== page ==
Sunday 17 January 2021

The First Book I Remember Reading, Blacky the Crow

Sometime last year there was a post on Social Media asking who remembered the first book they ever read. The answer came to me instantly. Blacky the Crow by Thornton W. Burgess.(January 17, 1874 – June 5, 1965). I remembered how much I enjoyed it. That I read it many times. If fact, I credit it for igniting my joy of reading.

I replied to the post and started thinking more about the book. I was planning to write a short blog about it and was looking for a photo, not of a recent copy, but of the copy from the edition which I read, which was printed in 1922. Not only did I find it, but discovered it was for sale from Thrift Books, an online used book company. It wasn't expensive, around $20 CAD all in, so I bought it.

It arrived this week, so of course, I took a trip back in time and read it.

Children will love this wonderful tale of Blacky the Crow, who has very sharp eyes, and who is often getting into trouble because he sees things he shouldn't. One day Blacky notices two fresh eggs in a nest belonging to Hooty the Owl and Mrs. Hooty. The eggs are a prize too delicious to pass up and Blacky devises a plan to snatch them. But does he succeed? Young readers will enjoy finding out in this charming tale by master storyteller Thornton W. Burgess. Reset in large, easy-to-read type, this book is filled with gentle humor and important lessons about nature and wildlife, and is further enhanced by four original Harrison Cady illustrations. Blacky the Crow is sure to captivate youngsters discovering the joy of reading and the pleasures of storytelling at its finest.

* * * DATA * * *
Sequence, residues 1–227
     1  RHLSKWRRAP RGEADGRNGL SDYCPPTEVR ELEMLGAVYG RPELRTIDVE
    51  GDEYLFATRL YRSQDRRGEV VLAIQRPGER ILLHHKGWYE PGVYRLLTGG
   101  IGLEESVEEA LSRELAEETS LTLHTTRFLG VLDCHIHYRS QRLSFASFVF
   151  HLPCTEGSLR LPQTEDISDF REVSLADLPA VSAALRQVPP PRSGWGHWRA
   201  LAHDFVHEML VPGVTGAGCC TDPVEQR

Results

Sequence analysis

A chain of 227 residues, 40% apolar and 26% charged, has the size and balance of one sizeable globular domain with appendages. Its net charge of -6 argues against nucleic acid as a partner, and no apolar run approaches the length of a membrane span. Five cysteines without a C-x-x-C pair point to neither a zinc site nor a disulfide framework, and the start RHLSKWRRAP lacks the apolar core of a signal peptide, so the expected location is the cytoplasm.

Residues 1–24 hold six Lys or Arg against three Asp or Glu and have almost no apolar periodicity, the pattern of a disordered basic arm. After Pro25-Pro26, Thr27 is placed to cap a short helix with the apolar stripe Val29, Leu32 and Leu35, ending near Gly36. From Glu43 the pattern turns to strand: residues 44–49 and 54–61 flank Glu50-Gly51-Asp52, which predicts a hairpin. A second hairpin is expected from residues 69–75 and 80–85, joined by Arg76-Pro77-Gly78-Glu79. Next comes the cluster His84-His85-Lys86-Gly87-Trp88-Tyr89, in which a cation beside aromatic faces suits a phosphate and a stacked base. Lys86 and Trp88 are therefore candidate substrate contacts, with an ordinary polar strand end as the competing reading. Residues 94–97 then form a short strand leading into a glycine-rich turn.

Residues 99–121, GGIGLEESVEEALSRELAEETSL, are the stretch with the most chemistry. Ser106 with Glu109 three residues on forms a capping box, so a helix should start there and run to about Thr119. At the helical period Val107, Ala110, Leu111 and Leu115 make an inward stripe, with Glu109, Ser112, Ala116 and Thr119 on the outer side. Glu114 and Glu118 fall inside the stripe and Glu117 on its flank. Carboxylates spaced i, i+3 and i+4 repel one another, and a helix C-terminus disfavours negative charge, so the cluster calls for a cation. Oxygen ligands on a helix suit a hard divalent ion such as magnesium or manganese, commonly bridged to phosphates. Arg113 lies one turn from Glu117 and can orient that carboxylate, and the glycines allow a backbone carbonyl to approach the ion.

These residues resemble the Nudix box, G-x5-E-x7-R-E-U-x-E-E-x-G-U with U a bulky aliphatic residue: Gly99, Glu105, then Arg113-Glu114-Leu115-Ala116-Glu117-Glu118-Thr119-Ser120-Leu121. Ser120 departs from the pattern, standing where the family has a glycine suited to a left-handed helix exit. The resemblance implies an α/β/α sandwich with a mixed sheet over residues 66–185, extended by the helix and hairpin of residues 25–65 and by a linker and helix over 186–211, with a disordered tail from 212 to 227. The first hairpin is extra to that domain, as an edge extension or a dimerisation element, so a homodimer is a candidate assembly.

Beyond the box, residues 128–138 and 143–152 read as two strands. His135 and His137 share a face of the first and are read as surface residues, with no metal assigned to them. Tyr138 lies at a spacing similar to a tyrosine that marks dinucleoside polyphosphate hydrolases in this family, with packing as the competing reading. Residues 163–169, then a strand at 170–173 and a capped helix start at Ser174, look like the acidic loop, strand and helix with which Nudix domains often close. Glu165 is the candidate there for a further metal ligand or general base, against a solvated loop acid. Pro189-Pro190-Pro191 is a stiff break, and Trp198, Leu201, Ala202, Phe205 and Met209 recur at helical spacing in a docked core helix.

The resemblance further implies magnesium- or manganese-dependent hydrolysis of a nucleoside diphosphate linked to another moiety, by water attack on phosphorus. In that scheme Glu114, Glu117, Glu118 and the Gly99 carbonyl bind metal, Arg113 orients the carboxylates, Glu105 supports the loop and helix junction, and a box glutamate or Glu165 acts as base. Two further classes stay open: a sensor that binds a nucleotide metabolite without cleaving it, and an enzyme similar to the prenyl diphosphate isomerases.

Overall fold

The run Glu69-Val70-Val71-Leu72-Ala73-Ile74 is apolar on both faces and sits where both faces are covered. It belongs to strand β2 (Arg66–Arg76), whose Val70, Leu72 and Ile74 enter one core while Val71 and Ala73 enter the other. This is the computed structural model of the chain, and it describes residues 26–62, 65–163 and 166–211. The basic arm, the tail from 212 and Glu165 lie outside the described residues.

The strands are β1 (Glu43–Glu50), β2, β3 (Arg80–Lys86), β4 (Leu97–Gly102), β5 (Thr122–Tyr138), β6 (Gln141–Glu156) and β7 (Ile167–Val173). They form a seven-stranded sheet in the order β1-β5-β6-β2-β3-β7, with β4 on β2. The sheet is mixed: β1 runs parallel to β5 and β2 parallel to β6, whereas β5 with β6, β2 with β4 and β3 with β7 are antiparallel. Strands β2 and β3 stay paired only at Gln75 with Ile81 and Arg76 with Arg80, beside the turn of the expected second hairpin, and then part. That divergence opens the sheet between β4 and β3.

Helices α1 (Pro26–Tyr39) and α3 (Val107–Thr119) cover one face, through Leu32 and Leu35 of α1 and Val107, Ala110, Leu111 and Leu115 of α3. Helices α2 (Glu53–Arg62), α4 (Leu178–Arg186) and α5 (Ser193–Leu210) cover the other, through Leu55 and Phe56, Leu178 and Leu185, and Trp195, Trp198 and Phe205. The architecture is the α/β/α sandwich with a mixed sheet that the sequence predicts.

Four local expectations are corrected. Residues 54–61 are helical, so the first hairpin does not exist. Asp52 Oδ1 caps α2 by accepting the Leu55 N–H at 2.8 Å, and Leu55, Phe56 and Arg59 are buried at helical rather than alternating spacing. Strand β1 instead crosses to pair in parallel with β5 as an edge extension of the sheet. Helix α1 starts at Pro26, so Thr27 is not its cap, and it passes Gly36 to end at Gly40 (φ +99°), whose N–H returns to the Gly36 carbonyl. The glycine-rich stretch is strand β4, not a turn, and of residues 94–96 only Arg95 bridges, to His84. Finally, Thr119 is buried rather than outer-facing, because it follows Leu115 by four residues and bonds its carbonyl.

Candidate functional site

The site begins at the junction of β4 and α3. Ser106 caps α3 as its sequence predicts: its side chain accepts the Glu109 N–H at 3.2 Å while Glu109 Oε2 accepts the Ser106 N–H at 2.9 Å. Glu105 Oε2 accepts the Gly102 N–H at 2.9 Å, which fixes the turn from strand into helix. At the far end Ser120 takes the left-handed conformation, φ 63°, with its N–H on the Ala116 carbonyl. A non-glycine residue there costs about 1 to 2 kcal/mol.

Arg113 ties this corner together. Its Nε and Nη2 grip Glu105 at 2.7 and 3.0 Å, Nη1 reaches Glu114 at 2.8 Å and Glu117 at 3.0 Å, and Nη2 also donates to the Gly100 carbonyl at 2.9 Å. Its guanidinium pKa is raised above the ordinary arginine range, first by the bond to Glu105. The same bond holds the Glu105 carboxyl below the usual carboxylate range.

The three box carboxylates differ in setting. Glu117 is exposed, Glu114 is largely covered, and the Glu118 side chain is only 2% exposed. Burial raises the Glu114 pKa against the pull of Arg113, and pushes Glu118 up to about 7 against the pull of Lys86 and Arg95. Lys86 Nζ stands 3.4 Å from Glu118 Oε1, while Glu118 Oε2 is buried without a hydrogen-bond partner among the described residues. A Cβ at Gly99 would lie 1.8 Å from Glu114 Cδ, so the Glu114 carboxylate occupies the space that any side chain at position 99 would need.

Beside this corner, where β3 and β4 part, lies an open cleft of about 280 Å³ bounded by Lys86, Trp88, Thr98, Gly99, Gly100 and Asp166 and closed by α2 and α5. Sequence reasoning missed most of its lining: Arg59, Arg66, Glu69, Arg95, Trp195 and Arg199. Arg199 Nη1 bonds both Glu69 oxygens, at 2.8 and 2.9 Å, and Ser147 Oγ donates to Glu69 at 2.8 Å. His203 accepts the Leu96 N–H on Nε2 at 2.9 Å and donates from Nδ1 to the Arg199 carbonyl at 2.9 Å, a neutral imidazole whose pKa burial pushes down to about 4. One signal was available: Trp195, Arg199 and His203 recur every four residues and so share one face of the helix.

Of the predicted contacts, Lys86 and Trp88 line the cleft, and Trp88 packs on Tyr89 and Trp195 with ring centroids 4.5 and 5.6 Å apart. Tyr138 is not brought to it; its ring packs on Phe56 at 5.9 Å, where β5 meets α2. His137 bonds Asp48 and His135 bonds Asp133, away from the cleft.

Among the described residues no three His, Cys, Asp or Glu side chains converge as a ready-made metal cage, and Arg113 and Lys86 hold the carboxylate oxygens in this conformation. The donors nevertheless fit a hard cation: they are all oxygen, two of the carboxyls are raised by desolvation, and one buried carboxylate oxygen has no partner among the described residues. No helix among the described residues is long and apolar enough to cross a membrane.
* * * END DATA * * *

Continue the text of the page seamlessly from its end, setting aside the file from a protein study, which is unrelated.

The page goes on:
It is an enjoyable story. Yes, I am 60 years plus after reading it for the first time, but still it's a simple well written story of a few of the adventures of Blacky the Crow and his friends of the Green Forest. Even though it was originally released in 1922, it is a wonderful tale for today's children to read or have read to them. The author stresses many of the morals which we hold dear today, but are inserted into the story in such a way, it's just part of the tale.

I'm glad I bought it and plan to give it to my grandson to read as, hopefully, his first book.

Thornton Waldo Burgess (born January 14, 1874 - died June 5, 1965), naturalist and conservationist, loved the beauty of nature and its living creatures so much that he wrote about them for 50 years. By the time he retired, he had written more than 170 books and 15,000 stories for daily columns in newspapers.

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